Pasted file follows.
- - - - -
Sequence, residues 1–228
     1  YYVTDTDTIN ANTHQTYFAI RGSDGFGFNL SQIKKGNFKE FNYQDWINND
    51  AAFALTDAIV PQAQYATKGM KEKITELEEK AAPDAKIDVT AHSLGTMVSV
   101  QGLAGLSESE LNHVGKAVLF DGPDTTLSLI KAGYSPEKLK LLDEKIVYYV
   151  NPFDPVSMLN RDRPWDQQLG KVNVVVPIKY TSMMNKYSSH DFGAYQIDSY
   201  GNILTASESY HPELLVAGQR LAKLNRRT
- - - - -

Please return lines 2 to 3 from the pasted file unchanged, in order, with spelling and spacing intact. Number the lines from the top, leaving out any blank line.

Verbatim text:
     1  YYVTDTDTIN ANTHQTYFAI RGSDGFGFNL SQIKKGNFKE FNYQDWINND
    51  AAFALTDAIV PQAQYATKGM KEKITELEEK AAPDAKIDVT AHSLGTMVSV